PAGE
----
Our communities cannot afford the costly price of our silence. For Palestinians, it has meant the continued expulsion of Palestinians from their homeland and the establishment of a system of apartheid. For Black, Indigenous and people of color in the U.S., it has meant stolen land, mass criminalization and incarceration, poverty and social, political and economic exclusion. And yet, our silence is not so hard to understand. Too often, social work has chosen professionalization, growth and partnership with harmful state agencies over social justice, solidarity and self-determination. And when it comes to Palestine, there is even more pressure to keep quiet.

Indeed, there are powerful forces at work trying to keep people and organizations from speaking and acting in solidarity with Palestine and Palestinians. There are many examples of individuals and organizations in the U.S. who have been punished for their support for Palestinians — from losing jobs to suffering social sanctions to being smeared, such as in the case of justice movements like Black Lives Matter. To show up with and for the Palestinians comes with material consequences. However, if social work is to meet the demands of our values and to move toward becoming a field that truly centers social justice, we must take risks and act in solidarity with those at the margins in the most vulnerable moments, not just when it is convenient.

Social work in the U.S. often cannot see beyond the Western image and borders in which it was created, putting serious limits on our efforts for lasting social justice, for building solidarity, and joint, global struggle. As social workers in the belly of the beast of empire, it is our responsibility to reject boundaries and respond to how U.S. imperialism, colonialism, capitalism, racism and sexism have impacted the Global South — the economic crises, forced migrations, and adverse effects on mental and physical health. As a profession and community, it is imperative that we move to an internationalist and transnationalist approach to take on the overarching systems of power and oppression that span the globe, maintaining inequality and supremacy.

The Palestinian Human Rights Organizations Council and Palestinian NGO Network speaks to the spirit of liberation work far and wide, across communities: “This appalling decision [to criminalize the six Palestinian civil society/human rights organizations], which reflects decades of Israeli attempts to control the Palestinian people, is nothing but another failed attempt. The oppressed, not intimidated, will always demand justice and accountability.”

We call on social workers to not be intimidated, but to stand alongside Palestinians and all oppressed and steadfast people, globally leading the way to freedom.

For social workers, and for anyone who wants to speak, act and join the Palestinian freedom struggle, there are countless ways to show up. You can join other social workers by signing an open letter asking the NASW to stand with Palestinian civil society and condemn Israel’s actions. You can follow and support the six organizations financially: Addameer, Al-Haq, Bisan Center for Research and Development, Defense for Children International — Palestine, The Union of Palestinian Women’s Committees, and the Union of Agricultural Work Committees. You can also follow and support Palestinian and Palestinian solidarity organizations in the U.S. including Adalah Justice Project, Palestine Legal, Palestinian Youth Movement, United States Palestine Community Network, and Jewish Voice for Peace. You can support and participate in the Palestinian-led movement for Boycott, Divestment and Sanctions, which seeks to end the occupation of Palestine, actualize equality for Palestinian citizens of Israel and make possible the internationally protected right of Palestinian refugees to return to their homeland. And you can study and organize with your social work community or any other community you a part of. There are many study materials including DecolonizePalestine, Institute for Middle East Understanding, and Difficult Conversations about Israel and Palestine. The struggle for Palestinian freedom can be aided through social work rooted in solidarity and self-determination, which stands strongly against state repression and criminalization.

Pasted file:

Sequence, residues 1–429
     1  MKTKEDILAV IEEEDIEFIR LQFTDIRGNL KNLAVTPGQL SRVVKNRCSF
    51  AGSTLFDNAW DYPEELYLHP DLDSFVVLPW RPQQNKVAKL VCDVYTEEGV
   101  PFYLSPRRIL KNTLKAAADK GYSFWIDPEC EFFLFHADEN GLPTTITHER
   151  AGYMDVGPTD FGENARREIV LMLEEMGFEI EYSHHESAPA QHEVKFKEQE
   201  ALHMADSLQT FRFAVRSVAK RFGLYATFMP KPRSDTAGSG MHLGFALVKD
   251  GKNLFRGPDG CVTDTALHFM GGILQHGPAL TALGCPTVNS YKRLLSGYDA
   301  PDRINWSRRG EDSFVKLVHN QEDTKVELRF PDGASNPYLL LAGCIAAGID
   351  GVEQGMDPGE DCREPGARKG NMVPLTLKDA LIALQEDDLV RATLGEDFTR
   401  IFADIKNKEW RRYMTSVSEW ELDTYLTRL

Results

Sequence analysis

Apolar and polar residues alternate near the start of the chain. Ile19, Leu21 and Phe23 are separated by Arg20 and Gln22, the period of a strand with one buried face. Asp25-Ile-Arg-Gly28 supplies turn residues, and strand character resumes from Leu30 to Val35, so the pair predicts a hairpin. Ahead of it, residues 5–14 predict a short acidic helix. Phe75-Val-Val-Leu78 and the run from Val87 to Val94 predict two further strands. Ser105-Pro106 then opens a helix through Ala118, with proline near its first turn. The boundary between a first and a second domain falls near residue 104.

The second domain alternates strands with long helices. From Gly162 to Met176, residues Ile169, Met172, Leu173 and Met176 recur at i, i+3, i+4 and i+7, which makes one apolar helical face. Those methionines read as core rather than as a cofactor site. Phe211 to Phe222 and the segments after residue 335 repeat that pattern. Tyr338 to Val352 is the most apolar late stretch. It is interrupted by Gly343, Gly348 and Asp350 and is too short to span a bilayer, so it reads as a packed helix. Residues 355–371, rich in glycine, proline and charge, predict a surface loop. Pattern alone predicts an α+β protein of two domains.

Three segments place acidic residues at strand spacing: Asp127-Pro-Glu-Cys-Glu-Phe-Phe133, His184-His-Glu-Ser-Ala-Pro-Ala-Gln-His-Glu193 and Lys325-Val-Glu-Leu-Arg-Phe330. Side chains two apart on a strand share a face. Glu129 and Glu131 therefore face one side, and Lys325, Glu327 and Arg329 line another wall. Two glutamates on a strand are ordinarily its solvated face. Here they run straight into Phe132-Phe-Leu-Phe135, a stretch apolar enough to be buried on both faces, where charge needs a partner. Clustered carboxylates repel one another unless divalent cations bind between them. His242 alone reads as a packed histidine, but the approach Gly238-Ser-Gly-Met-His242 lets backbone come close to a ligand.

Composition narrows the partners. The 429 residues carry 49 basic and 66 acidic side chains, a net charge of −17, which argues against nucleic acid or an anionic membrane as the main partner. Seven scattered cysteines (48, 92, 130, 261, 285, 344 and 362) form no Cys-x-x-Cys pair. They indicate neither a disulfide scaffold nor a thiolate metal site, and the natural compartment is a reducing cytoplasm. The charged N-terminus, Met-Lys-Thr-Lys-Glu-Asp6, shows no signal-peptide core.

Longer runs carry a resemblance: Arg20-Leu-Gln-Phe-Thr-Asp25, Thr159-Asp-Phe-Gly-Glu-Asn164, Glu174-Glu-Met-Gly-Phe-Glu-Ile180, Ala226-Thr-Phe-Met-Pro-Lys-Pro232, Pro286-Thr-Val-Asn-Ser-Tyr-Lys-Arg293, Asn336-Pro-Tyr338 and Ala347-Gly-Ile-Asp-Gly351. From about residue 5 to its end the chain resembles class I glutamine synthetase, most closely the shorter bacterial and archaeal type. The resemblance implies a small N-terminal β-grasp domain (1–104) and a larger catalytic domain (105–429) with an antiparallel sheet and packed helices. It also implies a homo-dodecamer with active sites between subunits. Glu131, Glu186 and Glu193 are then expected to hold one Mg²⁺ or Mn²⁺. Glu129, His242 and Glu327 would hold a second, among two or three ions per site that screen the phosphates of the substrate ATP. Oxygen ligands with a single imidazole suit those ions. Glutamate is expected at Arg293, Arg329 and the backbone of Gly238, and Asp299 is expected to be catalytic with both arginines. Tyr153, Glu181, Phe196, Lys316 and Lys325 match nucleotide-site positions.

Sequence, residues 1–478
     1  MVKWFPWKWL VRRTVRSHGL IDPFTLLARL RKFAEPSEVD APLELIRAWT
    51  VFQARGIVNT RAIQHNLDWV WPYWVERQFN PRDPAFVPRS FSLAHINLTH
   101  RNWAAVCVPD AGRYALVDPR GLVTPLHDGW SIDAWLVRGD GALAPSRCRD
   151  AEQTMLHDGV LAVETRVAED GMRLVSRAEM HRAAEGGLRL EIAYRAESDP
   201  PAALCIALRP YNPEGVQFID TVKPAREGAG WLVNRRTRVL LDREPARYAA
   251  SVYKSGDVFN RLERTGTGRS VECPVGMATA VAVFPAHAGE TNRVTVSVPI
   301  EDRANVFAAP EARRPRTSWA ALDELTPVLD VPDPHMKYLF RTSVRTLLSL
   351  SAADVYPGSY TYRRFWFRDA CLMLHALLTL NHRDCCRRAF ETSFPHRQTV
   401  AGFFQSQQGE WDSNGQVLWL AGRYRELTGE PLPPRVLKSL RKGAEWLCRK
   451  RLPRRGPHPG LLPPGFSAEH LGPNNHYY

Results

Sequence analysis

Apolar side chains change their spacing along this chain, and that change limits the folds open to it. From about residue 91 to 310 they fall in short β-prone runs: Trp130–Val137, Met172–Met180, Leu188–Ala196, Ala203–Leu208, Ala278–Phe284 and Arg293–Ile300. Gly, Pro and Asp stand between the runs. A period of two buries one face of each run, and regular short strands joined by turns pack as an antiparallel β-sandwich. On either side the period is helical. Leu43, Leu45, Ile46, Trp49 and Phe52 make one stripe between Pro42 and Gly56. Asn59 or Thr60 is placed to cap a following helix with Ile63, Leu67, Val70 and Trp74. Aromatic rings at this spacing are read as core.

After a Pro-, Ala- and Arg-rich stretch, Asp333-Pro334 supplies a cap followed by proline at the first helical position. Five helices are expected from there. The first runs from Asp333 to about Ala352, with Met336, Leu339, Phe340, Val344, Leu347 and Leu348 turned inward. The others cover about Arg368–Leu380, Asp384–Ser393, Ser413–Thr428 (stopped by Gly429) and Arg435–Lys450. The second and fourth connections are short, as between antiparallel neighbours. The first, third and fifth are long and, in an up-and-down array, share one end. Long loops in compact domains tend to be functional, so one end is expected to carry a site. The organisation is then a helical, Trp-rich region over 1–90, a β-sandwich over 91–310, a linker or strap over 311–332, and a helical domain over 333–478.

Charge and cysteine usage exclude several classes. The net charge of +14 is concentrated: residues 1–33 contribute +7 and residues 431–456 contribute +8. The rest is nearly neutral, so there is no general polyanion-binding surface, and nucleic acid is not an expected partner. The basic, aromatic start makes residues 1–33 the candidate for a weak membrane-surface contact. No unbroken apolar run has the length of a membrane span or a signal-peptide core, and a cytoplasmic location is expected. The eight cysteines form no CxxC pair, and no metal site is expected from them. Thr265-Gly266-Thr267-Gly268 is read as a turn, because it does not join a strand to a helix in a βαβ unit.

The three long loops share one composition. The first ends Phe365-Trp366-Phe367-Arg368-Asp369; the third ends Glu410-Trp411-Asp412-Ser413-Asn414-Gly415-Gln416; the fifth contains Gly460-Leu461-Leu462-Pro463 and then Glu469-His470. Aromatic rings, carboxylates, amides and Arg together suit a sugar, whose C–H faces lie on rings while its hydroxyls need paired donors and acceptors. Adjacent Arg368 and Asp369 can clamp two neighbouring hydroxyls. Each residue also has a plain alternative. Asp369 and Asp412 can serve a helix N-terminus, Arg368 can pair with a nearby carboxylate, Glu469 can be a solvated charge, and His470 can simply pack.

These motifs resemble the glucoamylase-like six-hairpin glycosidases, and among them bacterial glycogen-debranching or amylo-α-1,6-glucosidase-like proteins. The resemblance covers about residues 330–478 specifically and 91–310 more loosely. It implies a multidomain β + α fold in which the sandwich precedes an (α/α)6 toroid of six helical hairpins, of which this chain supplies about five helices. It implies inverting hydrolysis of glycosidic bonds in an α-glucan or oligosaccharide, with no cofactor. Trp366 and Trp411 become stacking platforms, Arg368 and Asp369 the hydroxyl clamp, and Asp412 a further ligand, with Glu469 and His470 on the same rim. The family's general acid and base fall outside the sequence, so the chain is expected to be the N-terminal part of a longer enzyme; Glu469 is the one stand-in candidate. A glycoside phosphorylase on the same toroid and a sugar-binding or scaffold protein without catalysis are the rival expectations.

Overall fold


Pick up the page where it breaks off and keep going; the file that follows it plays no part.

We have hours left to raise $12,000 — we’re counting on your support!

For those who care about justice, liberation and even the very survival of our species, we must remember our power to take action.

We won’t pretend it’s the only thing you can or should do, but one small step is to pitch in to support Truthout — as one of the last remaining truly independent, nonprofit, reader-funded news platforms, your gift will help keep the facts flowing freely.